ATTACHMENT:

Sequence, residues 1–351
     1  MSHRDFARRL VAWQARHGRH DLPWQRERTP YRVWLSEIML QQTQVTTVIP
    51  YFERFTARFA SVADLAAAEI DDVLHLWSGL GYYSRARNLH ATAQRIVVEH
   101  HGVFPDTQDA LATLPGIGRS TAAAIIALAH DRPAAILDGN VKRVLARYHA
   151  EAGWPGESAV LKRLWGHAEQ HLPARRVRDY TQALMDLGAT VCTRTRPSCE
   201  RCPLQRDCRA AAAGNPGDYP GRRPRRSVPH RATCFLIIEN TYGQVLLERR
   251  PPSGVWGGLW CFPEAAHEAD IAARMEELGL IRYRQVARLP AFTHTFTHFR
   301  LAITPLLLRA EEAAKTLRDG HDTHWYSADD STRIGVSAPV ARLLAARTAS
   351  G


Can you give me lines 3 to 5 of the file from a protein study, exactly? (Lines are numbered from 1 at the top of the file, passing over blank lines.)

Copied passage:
    51  YFERFTARFA SVADLAAAEI DDVLHLWSGL GYYSRARNLH ATAQRIVVEH
   101  HGVFPDTQDA LATLPGIGRS TAAAIIALAH DRPAAILDGN VKRVLARYHA
   151  EAGWPGESAV LKRLWGHAEQ HLPARRVRDY TQALMDLGAT VCTRTRPSCE